When a horror film starts with horror clichés, one tends to roll their eyes, especially if it involves the key characters in the movie, such as struggling mother and her two children traveling to start a new life, however this film makes the proper adjustments to entertain the viewers, how does that happen, let’s begin there. Director Micah Gallo, makes his feature film debut, having completed short drama horror stories, and while he originated the story and help with script, he actually had screenwriters Jason Alvino and Bryan Dick (Sorority Murder [2015]) who created story of suspense and surprising thrilling moments that was found in Arachnophia (1990). Therefore with the help of  Kickstarter fundraising for the sound production and visual effects earned $49,500 showing the modest effort shows it all clearly on the screen as the rest of the funding came other places, clearly earning distribution from Scream Factory and more avenues for worldwide coverage.

An interesting story involving Walter Clark (Bruce Davison (Willard [1971])) needs more of a personal nurse at his home now that his wife Maggie recently died they had toured the world to discover ancient cultures, and learning of the sinister retribution of others. Kara Spencer (Elizabeth Roberts)  just took a job as a live-in nurse for Walter, meanwhile her pre-teen son Jesse (Arman Darbo) resists this new arrangement while is younger sister Cambria (Chloe Perrin (Mary [2019])) treats it all as a new adventure. Unbeknownst to either Walter and Kara that they are bringing their own secrets into this working relationship that Kara has a opioid addiction, which led to a car accident killing her youngest daughter and consequentially destroying her marriage, while Walter’s wife raised an orphan boy Ahkeeba (Treva Etienne (Voodoo Possession [2014])) like a son who believes her death was premature thinks it needs vengeance, against a tribe they all met once. As Kara begins setting up shop and working to rebuild her life, still with her addiction, Ahkeeba presents to Walter The Black Egg of Maa-Kalaratri, a sacred idol that he stole. However, Walter all too aware of the artifact’s power and curse, knowing the legend of how the tribe would slaughter babies as blood offerings to the spider god to protect them against wrong-doers, through an accident (or perhaps not) the egg breaks giving birth to the legend/curse, blood offerings to the vengeful spider-god and the broken relic releases a large sentient spider. Meanwhile the stress brings tempers to flare between Walter who doesn’t want intrusive people in his life, and Kara whose life is in tatters and at the center is Jesse who finds Walter’s life very curious. The story contains a mature focal point of that covers grief, anger, and how addiction and lies intertwine themselves, it all leads to the creepy crawling spiders, the terror they bring to the screen, as Sheriff Jane Dunne (Denise Crosby (Pet Sematary [1989]) thinks the spiders are a metaphor of something else far more dangerous.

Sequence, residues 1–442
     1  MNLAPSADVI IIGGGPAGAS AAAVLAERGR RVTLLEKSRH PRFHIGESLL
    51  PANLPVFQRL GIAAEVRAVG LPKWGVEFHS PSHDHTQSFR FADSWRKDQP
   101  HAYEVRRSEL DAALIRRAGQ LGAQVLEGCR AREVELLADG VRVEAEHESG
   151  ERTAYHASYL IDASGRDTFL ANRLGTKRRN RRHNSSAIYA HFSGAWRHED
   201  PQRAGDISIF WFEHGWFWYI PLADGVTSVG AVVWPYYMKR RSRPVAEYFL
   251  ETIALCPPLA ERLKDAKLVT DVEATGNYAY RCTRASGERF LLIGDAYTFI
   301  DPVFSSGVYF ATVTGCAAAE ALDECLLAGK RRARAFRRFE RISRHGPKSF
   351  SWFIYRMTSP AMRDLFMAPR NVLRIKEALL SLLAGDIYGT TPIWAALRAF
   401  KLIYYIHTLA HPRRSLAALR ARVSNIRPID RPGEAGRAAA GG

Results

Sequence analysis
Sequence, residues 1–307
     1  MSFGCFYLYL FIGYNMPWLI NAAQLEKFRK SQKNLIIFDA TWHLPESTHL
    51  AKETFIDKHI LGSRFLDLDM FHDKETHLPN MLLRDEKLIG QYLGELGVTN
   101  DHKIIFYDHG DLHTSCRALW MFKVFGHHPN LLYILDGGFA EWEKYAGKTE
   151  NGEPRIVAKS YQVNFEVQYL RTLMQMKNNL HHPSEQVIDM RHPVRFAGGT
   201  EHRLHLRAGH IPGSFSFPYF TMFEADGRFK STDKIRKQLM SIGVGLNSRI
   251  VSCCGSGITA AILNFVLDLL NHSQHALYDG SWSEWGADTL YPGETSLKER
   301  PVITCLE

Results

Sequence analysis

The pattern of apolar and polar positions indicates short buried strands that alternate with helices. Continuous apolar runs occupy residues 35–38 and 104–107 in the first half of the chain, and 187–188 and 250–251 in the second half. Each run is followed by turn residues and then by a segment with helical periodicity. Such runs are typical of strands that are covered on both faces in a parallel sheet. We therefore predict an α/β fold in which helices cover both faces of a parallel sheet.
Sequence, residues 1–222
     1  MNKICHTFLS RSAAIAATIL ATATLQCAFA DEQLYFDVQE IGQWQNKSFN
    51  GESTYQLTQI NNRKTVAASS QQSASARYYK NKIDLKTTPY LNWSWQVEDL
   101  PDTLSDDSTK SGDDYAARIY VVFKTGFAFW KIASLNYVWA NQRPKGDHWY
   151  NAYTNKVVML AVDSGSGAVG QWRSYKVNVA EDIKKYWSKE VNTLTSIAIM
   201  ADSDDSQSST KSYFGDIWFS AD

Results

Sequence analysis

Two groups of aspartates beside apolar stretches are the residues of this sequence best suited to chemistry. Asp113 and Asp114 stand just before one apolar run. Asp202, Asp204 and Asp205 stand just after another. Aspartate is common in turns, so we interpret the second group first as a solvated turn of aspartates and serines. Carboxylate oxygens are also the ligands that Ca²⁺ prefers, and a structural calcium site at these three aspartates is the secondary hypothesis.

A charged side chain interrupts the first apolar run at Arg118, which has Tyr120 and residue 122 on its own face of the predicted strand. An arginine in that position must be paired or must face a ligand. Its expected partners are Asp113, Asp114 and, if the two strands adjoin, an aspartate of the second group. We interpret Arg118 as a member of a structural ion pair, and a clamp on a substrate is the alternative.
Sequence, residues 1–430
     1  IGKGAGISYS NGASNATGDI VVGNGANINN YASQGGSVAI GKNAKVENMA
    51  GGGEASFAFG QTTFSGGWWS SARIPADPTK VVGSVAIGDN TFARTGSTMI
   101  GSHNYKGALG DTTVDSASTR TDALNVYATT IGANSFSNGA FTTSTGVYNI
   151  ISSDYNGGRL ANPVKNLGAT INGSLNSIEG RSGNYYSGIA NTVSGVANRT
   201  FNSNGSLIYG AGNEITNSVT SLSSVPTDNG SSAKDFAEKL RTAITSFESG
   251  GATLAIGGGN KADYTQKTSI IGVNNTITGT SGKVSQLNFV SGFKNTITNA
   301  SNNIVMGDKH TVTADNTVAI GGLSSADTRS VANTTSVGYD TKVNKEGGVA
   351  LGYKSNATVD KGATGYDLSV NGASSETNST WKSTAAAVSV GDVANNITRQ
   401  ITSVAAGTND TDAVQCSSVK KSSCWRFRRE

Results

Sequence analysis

The acting comes across with conviction and that provides for a better story and more engaging for the viewer, the film doesn’t include any silliness, rather playing it straightforward and the bare minimum of comedic lines. The only letdown in the acting category is role for Denise she’s used sparingly however the script needed more balance in the emotional anguish of Kara and anger of Jesse is unfocused at times. Marco Durian does a fine job with the cinematography to generate spider viewing angles and great tension moments to raise the suspense in the last act.

It’s truly been a while since the little bugs became bigger and prepare gnaw, cocoon and suck the sweet juices from our insides, when one thinks but spidery movies Kingdom of the Spiders (1977) and Eight Legged Freaks (2002) stealthy crawl into our minds, this now makes another impressable and well-designed slow-burn and atmospheric creation to terrorize some individual phobia.


Fear Spins Its Web




IMDb Rating:  5.6/10

Baron’s Rating: 5.5/10